(Bolton-Est, July 18, 2022) Appalachian Corridor and its affiliate member, Conservation des vallons de la Serpentine (CVS), would like to thank Réjean Labonville and Gertrude Leclerc for their strong commitment to the environment through the completion of a conservation project of 30.66 hectares in East Bolton.

This land sale combined with a generous ecogift represents the couple’s second conservation project, following the donation of a conservation easement in 2016.

” In 2015, we started to work with CVS and Appalachian Corridor on a conservation easement in perpetuity on the wetland in this area of 15.29 hectares. At the time, Françoise Bricault of CVS and the Appalachian Corridor team had allowed this project to be carried out with foresight and responsibility.

Over time, our way of seeing our property evolved. Nature taught us that life evolves for everyone and that it was time to make decisions for the future of this second, larger piece of land that we loved, but which was becoming increasingly difficult to maintain. There were several options, one of which was to go with a contractor. The site would have been very suitable for development. However, over the past years, we had accumulated a lot of respect and love for this forest, its flora, and fauna. Consequently, the idea of putting it in the hands of entrepreneurs was very unappealing to us.

The members of CVS approached us with a proposal to protect it.  With the assistance of Appalachian Corridor and the contribution of a donation determined by the market value of the land, we could ensure that this forest would be preserved in perpetuity.             

The steps were taken and now we know that this gift to nature will contribute to the creation and conservation of a healthy and beneficial environment for all.

We had the opportunity to benefit from the competence of the personnel working within responsible organizations (CVS and Appalachian Corridor) to carry out our project. To all those who have made this beautiful project a success, we express our sincere gratitude. Thanks to you, we are happy to have contributed to the protection and conservation of the environment, a gesture and an undeniable legacy for future generations.  For this reason, we feel we have done the right thing.”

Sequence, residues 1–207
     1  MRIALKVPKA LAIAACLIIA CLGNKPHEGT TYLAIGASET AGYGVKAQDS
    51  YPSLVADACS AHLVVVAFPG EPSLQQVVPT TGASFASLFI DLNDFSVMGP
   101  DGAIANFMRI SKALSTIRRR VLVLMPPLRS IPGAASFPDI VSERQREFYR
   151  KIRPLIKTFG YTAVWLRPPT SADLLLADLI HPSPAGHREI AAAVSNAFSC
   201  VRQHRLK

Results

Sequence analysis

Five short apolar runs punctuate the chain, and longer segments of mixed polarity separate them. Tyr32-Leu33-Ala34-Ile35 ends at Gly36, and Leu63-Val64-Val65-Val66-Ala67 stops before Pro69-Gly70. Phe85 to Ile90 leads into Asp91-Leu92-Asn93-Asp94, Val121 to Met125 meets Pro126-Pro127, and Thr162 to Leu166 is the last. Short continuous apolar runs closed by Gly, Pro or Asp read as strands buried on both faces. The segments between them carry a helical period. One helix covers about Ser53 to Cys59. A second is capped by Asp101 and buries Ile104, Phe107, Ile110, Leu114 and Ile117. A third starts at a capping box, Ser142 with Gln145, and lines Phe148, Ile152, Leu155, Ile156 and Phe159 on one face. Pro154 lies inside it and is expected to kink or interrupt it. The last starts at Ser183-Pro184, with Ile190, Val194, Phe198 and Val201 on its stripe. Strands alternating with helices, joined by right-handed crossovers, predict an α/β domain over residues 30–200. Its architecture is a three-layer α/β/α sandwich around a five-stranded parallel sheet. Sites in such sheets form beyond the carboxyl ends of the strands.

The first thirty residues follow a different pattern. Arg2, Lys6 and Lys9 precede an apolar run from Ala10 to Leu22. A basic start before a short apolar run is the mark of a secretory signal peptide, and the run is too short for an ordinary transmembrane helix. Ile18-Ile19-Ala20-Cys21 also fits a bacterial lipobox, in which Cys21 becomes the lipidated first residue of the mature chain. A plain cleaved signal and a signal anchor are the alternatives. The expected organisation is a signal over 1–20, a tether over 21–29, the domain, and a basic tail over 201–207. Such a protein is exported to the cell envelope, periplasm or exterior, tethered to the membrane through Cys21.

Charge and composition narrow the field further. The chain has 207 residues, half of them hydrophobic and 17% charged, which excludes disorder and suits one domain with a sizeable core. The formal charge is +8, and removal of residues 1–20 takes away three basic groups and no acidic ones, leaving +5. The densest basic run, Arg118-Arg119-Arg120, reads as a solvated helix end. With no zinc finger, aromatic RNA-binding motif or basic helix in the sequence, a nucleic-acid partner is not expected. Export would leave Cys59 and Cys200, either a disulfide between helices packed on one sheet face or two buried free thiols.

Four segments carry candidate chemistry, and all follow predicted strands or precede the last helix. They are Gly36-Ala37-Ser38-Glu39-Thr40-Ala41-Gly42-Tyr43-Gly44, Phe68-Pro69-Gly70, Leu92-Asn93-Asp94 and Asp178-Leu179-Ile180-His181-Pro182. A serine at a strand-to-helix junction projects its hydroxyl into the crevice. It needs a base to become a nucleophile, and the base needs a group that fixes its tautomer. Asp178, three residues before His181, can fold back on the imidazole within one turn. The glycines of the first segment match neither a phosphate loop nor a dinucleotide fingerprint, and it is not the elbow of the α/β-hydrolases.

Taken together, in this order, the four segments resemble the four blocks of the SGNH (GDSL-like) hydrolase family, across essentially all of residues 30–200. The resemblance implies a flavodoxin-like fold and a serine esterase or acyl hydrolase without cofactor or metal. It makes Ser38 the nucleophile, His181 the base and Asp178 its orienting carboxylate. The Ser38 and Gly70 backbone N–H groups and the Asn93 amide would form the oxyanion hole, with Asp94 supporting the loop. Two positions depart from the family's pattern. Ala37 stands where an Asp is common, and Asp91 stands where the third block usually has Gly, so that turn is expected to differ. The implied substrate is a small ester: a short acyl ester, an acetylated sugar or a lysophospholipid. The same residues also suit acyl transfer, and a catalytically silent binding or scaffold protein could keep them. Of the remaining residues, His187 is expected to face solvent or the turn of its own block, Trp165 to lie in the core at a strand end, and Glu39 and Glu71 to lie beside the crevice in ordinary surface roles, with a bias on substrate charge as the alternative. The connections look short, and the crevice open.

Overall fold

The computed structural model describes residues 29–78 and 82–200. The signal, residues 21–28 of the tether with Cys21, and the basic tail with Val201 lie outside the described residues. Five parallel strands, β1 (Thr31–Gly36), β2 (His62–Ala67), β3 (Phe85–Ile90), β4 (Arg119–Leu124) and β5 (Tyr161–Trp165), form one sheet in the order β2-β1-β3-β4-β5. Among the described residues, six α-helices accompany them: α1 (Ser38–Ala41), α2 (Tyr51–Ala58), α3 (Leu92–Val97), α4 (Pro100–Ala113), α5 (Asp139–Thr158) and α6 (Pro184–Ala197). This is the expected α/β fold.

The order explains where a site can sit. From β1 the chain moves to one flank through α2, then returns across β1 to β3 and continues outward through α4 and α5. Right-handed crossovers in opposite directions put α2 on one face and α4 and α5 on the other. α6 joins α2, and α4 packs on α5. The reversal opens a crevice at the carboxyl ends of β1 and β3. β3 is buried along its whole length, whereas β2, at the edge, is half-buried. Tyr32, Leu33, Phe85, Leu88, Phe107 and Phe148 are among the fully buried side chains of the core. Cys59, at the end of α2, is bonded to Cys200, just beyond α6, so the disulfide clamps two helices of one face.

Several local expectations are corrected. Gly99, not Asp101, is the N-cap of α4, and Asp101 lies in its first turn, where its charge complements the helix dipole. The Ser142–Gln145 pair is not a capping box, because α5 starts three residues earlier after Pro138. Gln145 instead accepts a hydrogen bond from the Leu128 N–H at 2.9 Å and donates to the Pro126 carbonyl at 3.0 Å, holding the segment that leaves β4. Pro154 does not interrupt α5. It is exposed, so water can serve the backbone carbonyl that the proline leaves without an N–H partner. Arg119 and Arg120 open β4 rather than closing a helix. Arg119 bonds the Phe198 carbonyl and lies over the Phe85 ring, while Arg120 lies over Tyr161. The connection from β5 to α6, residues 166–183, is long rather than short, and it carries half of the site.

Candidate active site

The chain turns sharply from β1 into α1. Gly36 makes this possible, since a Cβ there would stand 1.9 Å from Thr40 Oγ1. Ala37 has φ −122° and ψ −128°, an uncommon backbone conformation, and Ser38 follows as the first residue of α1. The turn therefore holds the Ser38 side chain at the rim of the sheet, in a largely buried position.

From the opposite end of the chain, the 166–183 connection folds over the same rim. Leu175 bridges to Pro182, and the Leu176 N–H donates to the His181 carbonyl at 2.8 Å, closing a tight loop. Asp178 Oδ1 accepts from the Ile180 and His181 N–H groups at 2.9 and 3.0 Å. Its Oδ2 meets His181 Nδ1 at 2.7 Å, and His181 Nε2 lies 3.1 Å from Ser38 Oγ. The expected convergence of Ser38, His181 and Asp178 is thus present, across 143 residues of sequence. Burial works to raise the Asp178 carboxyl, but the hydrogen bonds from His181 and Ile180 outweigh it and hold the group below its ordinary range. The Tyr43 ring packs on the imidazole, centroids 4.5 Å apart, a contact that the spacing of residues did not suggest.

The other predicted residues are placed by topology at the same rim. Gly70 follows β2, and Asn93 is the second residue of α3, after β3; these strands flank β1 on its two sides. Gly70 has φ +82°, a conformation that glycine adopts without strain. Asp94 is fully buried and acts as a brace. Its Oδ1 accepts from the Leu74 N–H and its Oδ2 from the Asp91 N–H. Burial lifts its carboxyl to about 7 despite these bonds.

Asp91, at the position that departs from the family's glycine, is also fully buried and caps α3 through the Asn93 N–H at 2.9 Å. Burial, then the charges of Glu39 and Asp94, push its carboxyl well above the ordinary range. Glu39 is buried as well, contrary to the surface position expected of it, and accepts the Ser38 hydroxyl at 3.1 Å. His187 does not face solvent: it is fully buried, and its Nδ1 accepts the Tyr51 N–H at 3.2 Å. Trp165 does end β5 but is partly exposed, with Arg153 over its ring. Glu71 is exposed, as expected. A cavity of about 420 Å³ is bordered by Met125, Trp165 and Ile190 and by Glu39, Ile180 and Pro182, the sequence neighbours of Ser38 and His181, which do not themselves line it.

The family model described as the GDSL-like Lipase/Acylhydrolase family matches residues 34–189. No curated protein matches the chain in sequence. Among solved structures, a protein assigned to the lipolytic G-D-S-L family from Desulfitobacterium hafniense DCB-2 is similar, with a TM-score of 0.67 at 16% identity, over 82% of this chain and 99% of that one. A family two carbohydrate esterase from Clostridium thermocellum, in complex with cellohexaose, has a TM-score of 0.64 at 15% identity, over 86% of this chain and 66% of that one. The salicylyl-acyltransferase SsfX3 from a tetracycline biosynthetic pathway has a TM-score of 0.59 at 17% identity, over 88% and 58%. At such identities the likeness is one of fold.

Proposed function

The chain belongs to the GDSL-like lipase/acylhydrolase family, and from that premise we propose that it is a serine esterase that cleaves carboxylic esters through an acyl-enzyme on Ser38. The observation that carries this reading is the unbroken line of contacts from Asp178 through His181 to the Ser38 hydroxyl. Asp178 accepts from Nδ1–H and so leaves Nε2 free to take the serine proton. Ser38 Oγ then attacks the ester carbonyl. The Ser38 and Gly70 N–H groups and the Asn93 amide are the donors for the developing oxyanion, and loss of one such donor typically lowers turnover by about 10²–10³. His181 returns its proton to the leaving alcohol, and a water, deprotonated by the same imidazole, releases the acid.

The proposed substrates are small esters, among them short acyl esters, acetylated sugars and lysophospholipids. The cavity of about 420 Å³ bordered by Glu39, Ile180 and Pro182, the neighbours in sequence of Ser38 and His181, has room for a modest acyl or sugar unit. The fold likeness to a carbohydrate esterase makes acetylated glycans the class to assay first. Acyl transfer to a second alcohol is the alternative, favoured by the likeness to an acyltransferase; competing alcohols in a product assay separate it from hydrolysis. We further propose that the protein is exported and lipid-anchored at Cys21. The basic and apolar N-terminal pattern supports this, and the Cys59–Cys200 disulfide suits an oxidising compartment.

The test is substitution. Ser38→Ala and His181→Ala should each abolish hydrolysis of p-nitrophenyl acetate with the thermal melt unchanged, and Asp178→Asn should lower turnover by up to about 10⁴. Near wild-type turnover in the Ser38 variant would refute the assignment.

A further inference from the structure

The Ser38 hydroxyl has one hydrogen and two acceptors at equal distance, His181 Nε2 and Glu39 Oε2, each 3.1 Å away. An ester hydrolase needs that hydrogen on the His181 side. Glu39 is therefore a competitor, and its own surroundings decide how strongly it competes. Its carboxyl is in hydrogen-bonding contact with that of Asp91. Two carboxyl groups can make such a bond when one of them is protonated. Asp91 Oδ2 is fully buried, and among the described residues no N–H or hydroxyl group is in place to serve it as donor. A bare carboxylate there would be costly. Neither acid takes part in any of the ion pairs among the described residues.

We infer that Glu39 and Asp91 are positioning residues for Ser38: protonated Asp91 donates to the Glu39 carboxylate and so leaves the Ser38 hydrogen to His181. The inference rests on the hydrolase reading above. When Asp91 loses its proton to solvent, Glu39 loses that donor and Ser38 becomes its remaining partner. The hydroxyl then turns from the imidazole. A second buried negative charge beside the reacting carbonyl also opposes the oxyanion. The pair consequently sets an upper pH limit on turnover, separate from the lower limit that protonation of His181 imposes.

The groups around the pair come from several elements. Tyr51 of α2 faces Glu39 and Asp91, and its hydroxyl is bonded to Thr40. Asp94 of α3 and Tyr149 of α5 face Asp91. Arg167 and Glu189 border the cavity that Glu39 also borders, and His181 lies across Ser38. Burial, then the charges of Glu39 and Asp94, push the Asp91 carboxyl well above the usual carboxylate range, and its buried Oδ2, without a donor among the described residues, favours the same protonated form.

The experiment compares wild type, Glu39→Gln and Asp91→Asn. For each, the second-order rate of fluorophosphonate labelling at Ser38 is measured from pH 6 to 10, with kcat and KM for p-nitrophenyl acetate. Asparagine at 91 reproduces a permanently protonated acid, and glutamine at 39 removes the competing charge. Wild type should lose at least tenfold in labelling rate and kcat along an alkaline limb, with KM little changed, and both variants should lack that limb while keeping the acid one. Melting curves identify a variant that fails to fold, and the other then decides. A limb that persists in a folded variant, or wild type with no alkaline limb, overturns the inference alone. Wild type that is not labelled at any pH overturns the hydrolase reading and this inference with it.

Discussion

Gertrude Leclerc, Réjean Labonville

For this project, Appalachian Corridor and CVS would like to give special thanks to the following funders for their essential contributions: the Ministère de l’Environnement et de la Lutte contre les changements climatiques, which granted more than $53 million to the Nature Conservancy of Canada for its Projet de partenariat pour les milieux naturels (PPMN), and the program Lieux prioritaires désignés par les collectivités pour les espèces en péril du Fonds de la nature du Canada (LPDC).

“Over the past 20 years, Appalachian Corridor and its 17 affiliated members have helped to carry out more than 100 conservation projects with landowners, either in full title or through donations of conservation easements,” explains Marie-José Auclair, President of the Board of Appalachian Corridor. “All of these visionary gestures for nature represent gains of more than 15,600 hectares of natural environments protected in perpetuity between Granby and Sherbrooke, and from the American border to the north of parc national du Mont-Orford. This is the equivalent of the area of the city of Granby that is now protected forever,” she adds.


Canada’s Nature Fund Community Designated Priority Sites for Species at Risk

The Nature Fund of Canada’s Community Designated Priority Sites for Species at Risk initiative is a four-year, $15.6 million funding initiative of Environment and Climate Change Canada.

Projet de partenariat pour les milieux naturels (PPMN)

The Projet de partenariat pour les milieux naturels (PPMN) is a four-year grant of over $53 million from the Ministry of the Environment and Climate Change to NCC. It provides support for voluntary conservation initiatives to ensure the protection of natural areas of interest by establishing financial partnerships with conservation organizations in the province. The PPMN thus aims to develop and consolidate the Quebec network of protected areas located on private land.

Nature Conservancy of Canada

Conservation de la nature CanadaThe Nature Conservancy of Canada (NCC) is the country’s unifying force for nature. NCC seeks solutions to the twin crises of rapid biodiversity loss and climate change through large-scale, permanent land conservation. As a trusted partner, NCC works with people, communities, businesses, and government to protect and care for our most important natural areas. Since 1962, NCC has brought Canadians together to conserve and restore more than 15 million hectares, including nearly 50,000 hectares in Quebec. NCC is a registered charity. With nature, NCC builds a thriving world. To learn more, visit

Contact :

Frédérique Vuillermoz
Comunications Coordinator